Improve Common Technology System for Supporting Undergraduate, Graduate, and Professional Students: We will explore how best to broaden and mature the use of a common client relationship management (CRM) system for undergraduate, graduate, and professional students. We will also assess how to use the CRM system to integrate advising by academic advisors and faculty and all student support offices to holistically support students, including early intervention for those who struggle early on in their college experience. We will explore implementing a micro-grant program to help faculty develop opportunities for students to collaborate with them on research projects, and providing no-cost summer housing options for undergraduate students if they are conducting research projects with faculty.
Implement Optional Mindfulness Program: We will explore the possibility of developing an optional mindfulness program as a pilot for undergraduate and graduate students.
Expand the Regional Hub Model for International Student Recruitment and Global Engagement: Based on our experience with the first hub, we will explore launching the next hub in Asia in 2020 and an additional hub in Latin America in 2021–22.
Expand Tailored Recruitment and Retention Strategies: We will explore what steps are necessary to put AU on a path to becoming a Hispanic Serving Institution by 2030.
Vice Provost for Undergraduate Enrollment
Strategic Imperative Director
Assistant Vice President, Campus Life
Strategic Imperative Director
Dean of Undergraduate Education and Vice Provost for Academic Student Services
Strategic Imperative Director
In five years, AU will have meaningfully increased undergraduate retention on a year-to-year basis and will have improved four-year graduation rates. Indicators of student inclusion, belonging, satisfaction, rigor, and engagement as measured by the campus climate survey, NSSE, and the fall transition survey will have improved. We will have also increased retention of graduate students and reduced transfer rates to other universities.
AU is implementing a comprehensive student thriving strategy that examines the student experience from admission to graduation. AU is working to increase undergraduate and graduate retention, improve four-year graduation rates, reduce transfer rates, and improve indicators of student inclusion, belonging, and satisfaction. AU is using multiple strategies to continue to attract a robust population of international students who bring a global perspective to our campus.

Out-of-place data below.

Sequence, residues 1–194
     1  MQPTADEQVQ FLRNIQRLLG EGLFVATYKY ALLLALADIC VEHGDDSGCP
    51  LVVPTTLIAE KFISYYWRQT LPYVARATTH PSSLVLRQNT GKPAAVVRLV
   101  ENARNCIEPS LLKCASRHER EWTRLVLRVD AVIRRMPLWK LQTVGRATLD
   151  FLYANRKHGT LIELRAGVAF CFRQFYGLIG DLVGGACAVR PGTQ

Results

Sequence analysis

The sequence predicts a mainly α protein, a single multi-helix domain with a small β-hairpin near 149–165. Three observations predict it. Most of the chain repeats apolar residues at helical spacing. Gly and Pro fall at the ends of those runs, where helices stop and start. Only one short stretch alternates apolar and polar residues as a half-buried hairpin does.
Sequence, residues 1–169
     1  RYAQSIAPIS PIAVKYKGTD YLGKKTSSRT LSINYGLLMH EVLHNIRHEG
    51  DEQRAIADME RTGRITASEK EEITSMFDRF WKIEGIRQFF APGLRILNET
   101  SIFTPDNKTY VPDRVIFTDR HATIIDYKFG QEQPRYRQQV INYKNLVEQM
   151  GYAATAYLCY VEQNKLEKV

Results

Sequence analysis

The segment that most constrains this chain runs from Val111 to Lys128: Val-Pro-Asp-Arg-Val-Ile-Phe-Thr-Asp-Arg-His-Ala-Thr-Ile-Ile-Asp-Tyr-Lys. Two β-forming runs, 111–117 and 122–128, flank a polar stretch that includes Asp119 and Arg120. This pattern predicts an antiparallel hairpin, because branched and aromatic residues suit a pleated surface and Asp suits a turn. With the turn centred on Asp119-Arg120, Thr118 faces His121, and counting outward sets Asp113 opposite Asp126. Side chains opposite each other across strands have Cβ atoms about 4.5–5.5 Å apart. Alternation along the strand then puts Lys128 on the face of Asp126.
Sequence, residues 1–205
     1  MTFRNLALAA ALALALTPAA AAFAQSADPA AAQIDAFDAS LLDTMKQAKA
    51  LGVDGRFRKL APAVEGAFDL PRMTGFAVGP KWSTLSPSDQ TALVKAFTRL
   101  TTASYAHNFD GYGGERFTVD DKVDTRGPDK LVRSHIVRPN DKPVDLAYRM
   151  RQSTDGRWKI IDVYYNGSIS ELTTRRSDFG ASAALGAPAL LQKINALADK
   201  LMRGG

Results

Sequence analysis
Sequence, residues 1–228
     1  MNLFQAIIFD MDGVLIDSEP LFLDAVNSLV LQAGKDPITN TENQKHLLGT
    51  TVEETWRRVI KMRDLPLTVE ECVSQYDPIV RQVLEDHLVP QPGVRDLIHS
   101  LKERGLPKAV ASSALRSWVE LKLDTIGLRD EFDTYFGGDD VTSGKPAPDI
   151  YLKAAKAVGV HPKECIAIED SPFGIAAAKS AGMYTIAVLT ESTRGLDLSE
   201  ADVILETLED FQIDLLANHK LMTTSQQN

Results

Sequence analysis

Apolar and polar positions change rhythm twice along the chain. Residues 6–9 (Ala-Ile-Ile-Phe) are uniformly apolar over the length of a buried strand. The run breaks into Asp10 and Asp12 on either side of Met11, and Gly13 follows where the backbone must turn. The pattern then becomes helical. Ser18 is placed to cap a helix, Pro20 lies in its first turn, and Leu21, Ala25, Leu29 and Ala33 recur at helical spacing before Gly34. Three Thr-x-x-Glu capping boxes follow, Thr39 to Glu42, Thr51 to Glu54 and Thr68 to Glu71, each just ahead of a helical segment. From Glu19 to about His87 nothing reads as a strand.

Imperative 4: Learning for Undergraduate, Graduate, and Professional Students
Imperative Director Mary Clark speaks to Learning for Undergraduate, Graduate, and Professional Students.
As previously noted, one of AU’s key points of distinction is its commitment to faculty who excel at both research and teaching—and are committed to infusing their teaching with their research. This combination creates a unique learning experience for our students. By building on our existing strength in both research and teaching, AU will create a rigorous learning and scholarly environment that attracts and retains faculty, undergraduate students, graduate students, and professional students. Through their experiences inside and outside theclassroom, AU’s students will be prepared to be changemakers locally, nationally, and globally following graduation.
Develop World-Class Opportunities in Research, Writing, and Learning: AU will build on the promise of the new AU Core, AU’s portfolio of graduate and professional education, AU’s PhD programs, and AU’s leadership in experiential education to create world-class knowledge opportunities. As part of these efforts, we will provide greater support for faculty development and research on pedagogy across the university, including through continued investments in CTRL’s capacity to support faculty development. The Office of the Provost will review the barriers to interdisciplinary teaching and provide recommendations for how best to remove those barriers at the end of 2019. The Office of the Provost will also explore whether there are ways to build on AU’s existing strengths in internships by enhancing integration with students’ classroom-based educational experiences, which may aid the retention-to-graduation strategy.
Raise the Profile of the Scholar-Teacher Ideal: We will emphasize the scholar-teacher ideal as a key differentiation point for AU throughout university communications.
Expand Experiential Learning Opportunities: We will explore enhancing experiential learning opportunities for undergraduates throughout the Core Curriculum, in our living-learning programs, and in all relevant majors.
Support Programs for PhD Students: We will explore enhancing programming to provide support for PhD students across schools, including programming related to the academic and nonacademic job markets that our students will enter.
In five years, students will demonstrate greater satisfaction with teaching, learning, and mentoring, including the AU Core Curriculum, as evidenced through NSSE findings and other surveys. Student retention rates will have improved, in part due to the focused efforts on faculty-student research opportunities.
AU is creating a rigorous learning and scholarly environment that attracts and retains faculty and students. Students will demonstrate greater satisfaction with teaching, learning, and mentoring.
Imperative 5: Lifelong Learning
Imperative Director Jill Klein speaks to Lifelong Learning.